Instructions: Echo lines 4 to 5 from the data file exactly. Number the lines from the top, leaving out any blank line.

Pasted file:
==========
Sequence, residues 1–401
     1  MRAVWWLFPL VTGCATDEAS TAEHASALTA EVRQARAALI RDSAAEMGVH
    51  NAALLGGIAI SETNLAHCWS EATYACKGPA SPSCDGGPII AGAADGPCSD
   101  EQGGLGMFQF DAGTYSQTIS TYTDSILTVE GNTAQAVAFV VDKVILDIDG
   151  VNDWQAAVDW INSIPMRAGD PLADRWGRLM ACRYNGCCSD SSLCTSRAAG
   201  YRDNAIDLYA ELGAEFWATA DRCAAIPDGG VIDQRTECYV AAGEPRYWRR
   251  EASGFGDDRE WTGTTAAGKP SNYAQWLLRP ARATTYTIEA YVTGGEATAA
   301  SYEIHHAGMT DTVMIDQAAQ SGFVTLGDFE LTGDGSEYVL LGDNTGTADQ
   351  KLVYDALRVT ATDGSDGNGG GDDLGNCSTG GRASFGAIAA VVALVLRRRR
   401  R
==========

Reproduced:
   101  EQGGLGMFQF DAGTYSQTIS TYTDSILTVE GNTAQAVAFV VDKVILDIDG
   151  VNDWQAAVDW INSIPMRAGD PLADRWGRLM ACRYNGCCSD SSLCTSRAAG